>> able to hold back updates from certain clients. The website's code is
>> supposedly available on https://github.com/hughsie/lvfs-website/ 
>> though
>> and I suppose a transparency effort could solve that particular
>> problem,
>> too.
>
> LVFS is able to prevent distributing updates in two situations:
>
> 1) when there are known bad SW combinations (say vendor knew bug
> existed in fwupd
> 1.0.x but was fixed in 1.1.x - set minimum version for the update to be
> 1.1.x).
> or need to update device XYZ before device ABC.
>
> 2) rate limiting of updates
> To stage rollouts and monitor optional feedback in the event of a
> problem.

I will note - although slightly off-topic to the discussion at hand -
that it would be useful to people to be able to run their own repository
of updates and control the rollouts (and staging percentages)
themselves. I'm not actually suggesting that Debian would need to run
their own, but it'd be a useful service to the users who don't want to
send telemetry to the Linux Foundation - and furthermore have a
significant deployment where it's worth canarying the updates.

>> Oh yes. Not just that, also finding the right image to apply and then
>> figuring out how the hell to apply it is a solved problem with
>> EFI-based
>> fwupdate.
>
> Please keep in mind it's much much more than EFI updates now too.
> There are updates
> that can apply "in Debian" without a reboot for things like
> Thunderbolt controllers, docks,
> MST hubs, and various USB devices.

Fair enough. Do you have a pointer for examples of such updates?
Unfortunately I updated my own Dell dock recently from Windows, so I
can't easily check. Mostly I'm interested if it's a proprietary binary
run on the host. That's its own can of worms. (Which technically is true
for the EFI update too, but it's staged from outside of Linux on
boot-up.)

Kind regards and thanks
Philipp Kern

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Re: Install fwupd on a default installation

Philipp Kern-6
Hi Mario,

first of all thanks for your pointers!

On 27/12/2018 20:28, [hidden email] wrote:

>> Just the fact that the update claims that the hardware only accepts
>> signed updates or something else? :)
>
> At a minimum a claim.
>
>> I will note - although slightly off-topic to the discussion at hand -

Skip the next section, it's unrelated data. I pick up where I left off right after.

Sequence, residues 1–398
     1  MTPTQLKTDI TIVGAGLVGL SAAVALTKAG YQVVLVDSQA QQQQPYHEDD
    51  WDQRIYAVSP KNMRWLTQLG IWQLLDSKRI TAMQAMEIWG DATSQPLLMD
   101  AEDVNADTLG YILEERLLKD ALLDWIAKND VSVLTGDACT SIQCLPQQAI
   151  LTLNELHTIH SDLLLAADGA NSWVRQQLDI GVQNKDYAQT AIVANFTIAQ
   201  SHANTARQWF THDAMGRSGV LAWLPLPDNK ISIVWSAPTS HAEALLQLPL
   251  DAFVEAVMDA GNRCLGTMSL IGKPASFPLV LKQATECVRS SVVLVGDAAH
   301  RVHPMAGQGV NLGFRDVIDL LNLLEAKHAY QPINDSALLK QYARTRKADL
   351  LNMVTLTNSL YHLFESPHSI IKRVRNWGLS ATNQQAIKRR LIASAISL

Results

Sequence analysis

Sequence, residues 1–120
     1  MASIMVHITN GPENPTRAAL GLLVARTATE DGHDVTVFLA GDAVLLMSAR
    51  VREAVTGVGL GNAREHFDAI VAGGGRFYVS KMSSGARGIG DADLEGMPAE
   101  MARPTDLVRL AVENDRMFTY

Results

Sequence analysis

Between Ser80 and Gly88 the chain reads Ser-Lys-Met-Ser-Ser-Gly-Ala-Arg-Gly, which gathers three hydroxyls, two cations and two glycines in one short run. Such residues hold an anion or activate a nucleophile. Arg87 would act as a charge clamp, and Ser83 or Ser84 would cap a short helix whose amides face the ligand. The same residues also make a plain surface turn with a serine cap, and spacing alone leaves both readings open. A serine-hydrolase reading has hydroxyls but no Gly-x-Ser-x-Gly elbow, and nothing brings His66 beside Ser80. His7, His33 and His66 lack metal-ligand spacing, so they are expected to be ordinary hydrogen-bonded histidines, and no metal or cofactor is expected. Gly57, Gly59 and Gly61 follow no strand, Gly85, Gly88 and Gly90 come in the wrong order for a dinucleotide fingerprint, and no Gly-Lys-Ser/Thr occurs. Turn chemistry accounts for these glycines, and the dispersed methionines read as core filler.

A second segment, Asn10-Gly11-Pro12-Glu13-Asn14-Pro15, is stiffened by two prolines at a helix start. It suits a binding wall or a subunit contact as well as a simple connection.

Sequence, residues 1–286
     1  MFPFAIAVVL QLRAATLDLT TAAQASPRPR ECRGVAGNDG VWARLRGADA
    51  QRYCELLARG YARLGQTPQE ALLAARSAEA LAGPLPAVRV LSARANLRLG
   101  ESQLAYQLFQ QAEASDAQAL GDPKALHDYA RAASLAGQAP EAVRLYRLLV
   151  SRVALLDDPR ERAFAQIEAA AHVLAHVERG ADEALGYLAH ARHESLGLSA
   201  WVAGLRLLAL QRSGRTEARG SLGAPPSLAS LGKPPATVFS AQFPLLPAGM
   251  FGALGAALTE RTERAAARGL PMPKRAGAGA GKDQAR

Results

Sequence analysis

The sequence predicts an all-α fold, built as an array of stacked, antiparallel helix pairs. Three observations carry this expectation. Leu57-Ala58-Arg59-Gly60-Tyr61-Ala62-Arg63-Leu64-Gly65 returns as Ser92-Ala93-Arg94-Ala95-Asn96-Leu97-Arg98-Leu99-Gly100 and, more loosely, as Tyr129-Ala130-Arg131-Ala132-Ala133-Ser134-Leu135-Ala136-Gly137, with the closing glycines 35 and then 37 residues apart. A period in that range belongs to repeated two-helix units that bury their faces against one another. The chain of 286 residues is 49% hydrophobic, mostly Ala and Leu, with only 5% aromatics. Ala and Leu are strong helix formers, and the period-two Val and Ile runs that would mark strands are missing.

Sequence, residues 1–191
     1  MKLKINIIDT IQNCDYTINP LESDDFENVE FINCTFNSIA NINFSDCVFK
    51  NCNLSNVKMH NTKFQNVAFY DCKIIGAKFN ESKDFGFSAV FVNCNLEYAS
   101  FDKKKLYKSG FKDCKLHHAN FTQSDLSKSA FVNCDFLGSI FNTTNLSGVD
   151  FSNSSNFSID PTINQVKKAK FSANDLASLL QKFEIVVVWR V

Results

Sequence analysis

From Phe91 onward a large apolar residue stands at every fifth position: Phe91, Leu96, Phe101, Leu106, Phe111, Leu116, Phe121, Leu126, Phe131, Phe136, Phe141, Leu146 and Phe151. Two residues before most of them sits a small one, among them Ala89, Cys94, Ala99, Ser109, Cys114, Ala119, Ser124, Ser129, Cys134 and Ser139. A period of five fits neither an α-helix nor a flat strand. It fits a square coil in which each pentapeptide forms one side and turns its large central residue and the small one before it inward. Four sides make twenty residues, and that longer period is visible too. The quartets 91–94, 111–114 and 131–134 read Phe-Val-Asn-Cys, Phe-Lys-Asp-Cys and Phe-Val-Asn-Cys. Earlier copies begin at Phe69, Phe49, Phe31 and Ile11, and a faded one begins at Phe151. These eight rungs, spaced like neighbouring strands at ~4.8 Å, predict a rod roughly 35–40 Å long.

>> that it would be useful to people to be able to run their own repository
>> of updates and control the rollouts (and staging percentages)
>> themselves. I'm not actually suggesting that Debian would need to run
>> their own, but it'd be a useful service to the users who don't want to
>> send telemetry to the Linux Foundation - and furthermore have a
>> significant deployment where it's worth canarying the updates.
>
> Entirely doable.  LVFS can be set up locally with the firmware that is interesting
> uploaded to that "instance".  This will mean setting up a GPG key pair and signing
> the firmware with that instance as well.
>
> On fwupd clients a "remote" needs to be registered for that instance with the public
> key and instance location.

So I suppose mirroring would entail fetching the firmware.xml.gz from
LVFS' CDN and then downloading and rewriting the release locations -
plus dealing with signing the metadata. That seems fairly straightforward.

If there would be a way to check the provenance of an updater package
(i.e. not just rely on arbitrary vendor authentication on the backend),
that'd still be nice.

(Plus percentage-based rollouts, but that's just yet another feature
request. :)

> FYI: Telemetry related to the update is entirely optional and "opt-in" after you've
> performed an update.
Thanks, I found a note on [1] and if it's indeed per remote, it should
be fairly easy to manage.

>> Fair enough. Do you have a pointer for examples of such updates?
>> Unfortunately I updated my own Dell dock recently from Windows, so I
>> can't easily check. Mostly I'm interested if it's a proprietary binary
>> run on the host. That's its own can of worms. (Which technically is true
>> for the EFI update too, but it's staged from outside of Linux on
>> boot-up.)
>
> Executing proprietary binaries distributed in the CAB file is against fwupd
> philosophy and prohibited.  All code for the plugin that executes in Linux and
> is distributed with fwupd must be open source.
>
> fwupd only pulls "payloads" from the CAB files.
>
> Regarding the examples I called out:
> You can review the fwupd tree in the plugins/ directory to see the
> * thunderbolt/ plugin which uses the kernel Thunderbolt interface
> * dell-dock/ plugin which uses kernel USB interfaces
> * dell/ plugin which uses a EFI binary for TPM and dock updates
> * ebitdo/ plugin which uses kernel USB interfaces
> * rts54hid/ rts54hub/ plugins which use kernel USB interfaces
>
> There are many more, you can look more closely at your leisure.
>
> The matching binaries that are on LVFS.
> Here's some examples:
> Thunderbolt: https://fwupd.org/lvfs/device/4eeb9d07-a96c-56d6-92d3-4a23ee7a6e4a
> MST: https://fwupd.org/lvfs/device/be025b25-ca5c-546c-97c6-ee2160ba489d
> 8bitdo: https://fwupd.org/lvfs/device/8baed357-638e-5b54-b582-0476bf7d6348
> TPM: https://fwupd.org/lvfs/device/e58a5f6d-ba78-5f0f-a35f-612f97ca8c9a

I cannot tell you how happy this makes me. This is awesome. Thank you
(and everyone else who contributed to this effort) for doing the right
thing! And obviously kudos to Dell for staffing this.

The plugin library seems to be on [2] and there's a sizable set of them.
Even an AMT updater. :o

Kind regards and thanks
Philipp Kern

[1]
https://blogs.gnome.org/hughsie/2018/01/10/phoning-home-after-updating-firmware/
[2] https://github.com/hughsie/fwupd/tree/master/plugins